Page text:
The one I didn't buy. The album that killed Blondie. Seemingly everybody got the word it was substandard, they didn't buy it, it was available for years in cut-out bins, and when it was done, so was the band.


Going back to 1980, at the band's peak, Giorgio Moroder reached out and Debbie Harry cowrote and sang on this monster hit, the theme song of "American Gigolo."

It sounds like movie music, it sounds like disco, but it sounds SO GOOD!

It's the way Debbie sings at the top of her lungs and range...CALL ME!


And this Moroder/Harry composition's performance was credited to Ms. Harry. Airplay was limited, I had to buy the 12" just to hear it.

This is so infectious. It was featured in "Scarface," but most people don't know it.

You should.

So there you have it, Blondie's peaks. And high they were. They were one of the biggest bands in the universe at the turn of the decade, from the seventies to the eighties.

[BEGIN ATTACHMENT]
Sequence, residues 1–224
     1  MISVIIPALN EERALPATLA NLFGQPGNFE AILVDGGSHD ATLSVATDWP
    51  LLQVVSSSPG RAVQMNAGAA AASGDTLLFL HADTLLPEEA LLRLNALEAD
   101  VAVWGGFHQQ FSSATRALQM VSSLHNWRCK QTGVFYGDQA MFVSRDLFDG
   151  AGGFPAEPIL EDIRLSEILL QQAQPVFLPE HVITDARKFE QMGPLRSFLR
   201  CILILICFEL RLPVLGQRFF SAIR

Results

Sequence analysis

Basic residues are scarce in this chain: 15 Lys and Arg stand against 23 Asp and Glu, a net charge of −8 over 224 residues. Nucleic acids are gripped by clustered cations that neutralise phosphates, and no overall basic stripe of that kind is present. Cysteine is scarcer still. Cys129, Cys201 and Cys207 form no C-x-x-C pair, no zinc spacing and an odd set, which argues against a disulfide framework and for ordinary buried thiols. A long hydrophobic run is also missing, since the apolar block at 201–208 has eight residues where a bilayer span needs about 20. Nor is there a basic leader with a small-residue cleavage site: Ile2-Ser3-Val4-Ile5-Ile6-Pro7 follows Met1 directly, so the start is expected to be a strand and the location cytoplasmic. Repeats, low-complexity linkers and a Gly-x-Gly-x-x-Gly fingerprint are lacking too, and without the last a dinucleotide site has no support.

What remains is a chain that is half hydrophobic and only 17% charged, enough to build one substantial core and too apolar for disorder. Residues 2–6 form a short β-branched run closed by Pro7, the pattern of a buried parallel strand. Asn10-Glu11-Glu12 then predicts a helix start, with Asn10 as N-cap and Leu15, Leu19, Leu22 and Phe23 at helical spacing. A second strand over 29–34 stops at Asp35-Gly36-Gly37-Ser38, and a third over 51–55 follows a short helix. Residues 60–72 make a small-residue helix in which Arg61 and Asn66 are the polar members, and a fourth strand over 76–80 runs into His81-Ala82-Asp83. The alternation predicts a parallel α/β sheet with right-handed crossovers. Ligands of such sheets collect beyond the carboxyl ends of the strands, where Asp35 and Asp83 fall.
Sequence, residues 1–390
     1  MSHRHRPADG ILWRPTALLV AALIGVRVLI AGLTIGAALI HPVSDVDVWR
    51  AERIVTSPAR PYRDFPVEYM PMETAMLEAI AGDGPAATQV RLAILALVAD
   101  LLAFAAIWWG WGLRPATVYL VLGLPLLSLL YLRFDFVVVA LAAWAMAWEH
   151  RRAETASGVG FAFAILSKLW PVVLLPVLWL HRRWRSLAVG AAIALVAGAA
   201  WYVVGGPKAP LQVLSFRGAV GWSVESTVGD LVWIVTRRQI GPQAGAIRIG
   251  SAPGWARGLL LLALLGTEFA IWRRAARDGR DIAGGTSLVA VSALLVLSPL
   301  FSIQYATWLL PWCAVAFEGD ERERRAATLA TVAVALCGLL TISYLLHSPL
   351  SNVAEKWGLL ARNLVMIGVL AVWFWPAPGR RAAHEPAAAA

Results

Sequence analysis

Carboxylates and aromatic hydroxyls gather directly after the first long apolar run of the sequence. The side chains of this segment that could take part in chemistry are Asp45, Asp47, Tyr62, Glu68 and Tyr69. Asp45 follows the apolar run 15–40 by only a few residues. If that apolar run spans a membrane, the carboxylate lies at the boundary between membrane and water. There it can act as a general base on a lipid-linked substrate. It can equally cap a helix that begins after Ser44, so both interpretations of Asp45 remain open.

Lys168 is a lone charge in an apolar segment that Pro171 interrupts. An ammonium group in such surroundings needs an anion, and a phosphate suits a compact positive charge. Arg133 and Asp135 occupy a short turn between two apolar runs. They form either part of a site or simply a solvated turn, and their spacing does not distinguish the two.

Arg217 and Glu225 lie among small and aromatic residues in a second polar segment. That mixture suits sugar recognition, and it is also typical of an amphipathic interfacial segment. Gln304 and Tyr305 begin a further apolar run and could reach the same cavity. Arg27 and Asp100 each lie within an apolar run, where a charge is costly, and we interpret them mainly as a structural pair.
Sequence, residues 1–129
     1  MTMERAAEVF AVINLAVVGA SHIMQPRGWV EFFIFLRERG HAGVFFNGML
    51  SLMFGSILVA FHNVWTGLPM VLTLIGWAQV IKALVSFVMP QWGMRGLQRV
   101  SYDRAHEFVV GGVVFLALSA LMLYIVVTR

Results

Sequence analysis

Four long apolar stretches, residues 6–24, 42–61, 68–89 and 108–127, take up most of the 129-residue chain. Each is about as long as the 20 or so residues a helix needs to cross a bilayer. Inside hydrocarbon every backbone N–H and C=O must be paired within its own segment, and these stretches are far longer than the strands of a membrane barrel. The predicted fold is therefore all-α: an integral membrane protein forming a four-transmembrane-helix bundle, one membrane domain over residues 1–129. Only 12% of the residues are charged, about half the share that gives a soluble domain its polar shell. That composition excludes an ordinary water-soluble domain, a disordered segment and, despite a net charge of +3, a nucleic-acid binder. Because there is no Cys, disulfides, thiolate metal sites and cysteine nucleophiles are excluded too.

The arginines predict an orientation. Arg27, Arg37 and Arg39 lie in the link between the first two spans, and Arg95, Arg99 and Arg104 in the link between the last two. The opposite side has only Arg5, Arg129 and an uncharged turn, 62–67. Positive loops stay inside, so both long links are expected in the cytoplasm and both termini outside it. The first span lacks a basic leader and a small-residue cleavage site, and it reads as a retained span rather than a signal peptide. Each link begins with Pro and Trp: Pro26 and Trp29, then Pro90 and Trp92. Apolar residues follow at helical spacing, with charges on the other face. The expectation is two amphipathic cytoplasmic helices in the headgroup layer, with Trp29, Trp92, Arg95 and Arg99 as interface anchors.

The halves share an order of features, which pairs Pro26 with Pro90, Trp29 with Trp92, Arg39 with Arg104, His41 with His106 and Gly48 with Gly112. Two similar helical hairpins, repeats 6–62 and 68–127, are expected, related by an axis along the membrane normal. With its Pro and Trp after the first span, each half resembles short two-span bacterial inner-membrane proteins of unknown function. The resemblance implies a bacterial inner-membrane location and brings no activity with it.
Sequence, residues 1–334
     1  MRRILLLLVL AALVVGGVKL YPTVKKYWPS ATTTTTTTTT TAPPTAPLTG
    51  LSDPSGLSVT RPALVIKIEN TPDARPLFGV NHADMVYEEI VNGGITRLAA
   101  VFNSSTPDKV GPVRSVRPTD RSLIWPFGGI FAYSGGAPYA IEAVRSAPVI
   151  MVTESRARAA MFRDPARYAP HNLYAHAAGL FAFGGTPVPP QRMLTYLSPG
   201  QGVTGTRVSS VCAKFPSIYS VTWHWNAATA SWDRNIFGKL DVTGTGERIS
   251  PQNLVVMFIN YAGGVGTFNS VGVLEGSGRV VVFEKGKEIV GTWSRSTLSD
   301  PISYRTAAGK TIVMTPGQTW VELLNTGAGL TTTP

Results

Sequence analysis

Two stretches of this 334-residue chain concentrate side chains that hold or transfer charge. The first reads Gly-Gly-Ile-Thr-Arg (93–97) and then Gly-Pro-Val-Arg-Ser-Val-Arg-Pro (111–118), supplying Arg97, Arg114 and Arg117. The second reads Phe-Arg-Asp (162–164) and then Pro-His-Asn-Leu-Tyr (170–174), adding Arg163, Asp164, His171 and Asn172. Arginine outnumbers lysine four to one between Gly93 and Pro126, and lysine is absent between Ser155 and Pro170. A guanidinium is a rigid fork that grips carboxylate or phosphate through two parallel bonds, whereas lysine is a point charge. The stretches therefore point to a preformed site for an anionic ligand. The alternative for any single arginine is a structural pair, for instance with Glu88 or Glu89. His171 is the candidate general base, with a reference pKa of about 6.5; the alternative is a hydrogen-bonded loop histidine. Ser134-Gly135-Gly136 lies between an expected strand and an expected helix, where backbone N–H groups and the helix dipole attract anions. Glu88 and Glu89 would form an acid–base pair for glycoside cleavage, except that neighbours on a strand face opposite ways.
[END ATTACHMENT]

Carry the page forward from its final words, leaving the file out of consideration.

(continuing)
Debbie Harry tried to fly solo. The band eventually reunited. But it was too late to catch fire once again, they're now an oldies act. But being hip as well as mainstream, and not kitschy, they haven't gotten their one big victory lap a la Journey.

I guess that's the problem with staying alive.

If Debbie Harry had O.D.'ed, Blondie would be legends.

Harry broke ground as a female front person. She doesn't get enough credit because she was so good-looking, as if that's a crime. Furthermore, she was over thirty when the band broke through. She was a trailblazer.

And Chris Stein was the musical mastermind, and Clem Burke pounded the skins and every member was indispensable, because Blondie was a BAND!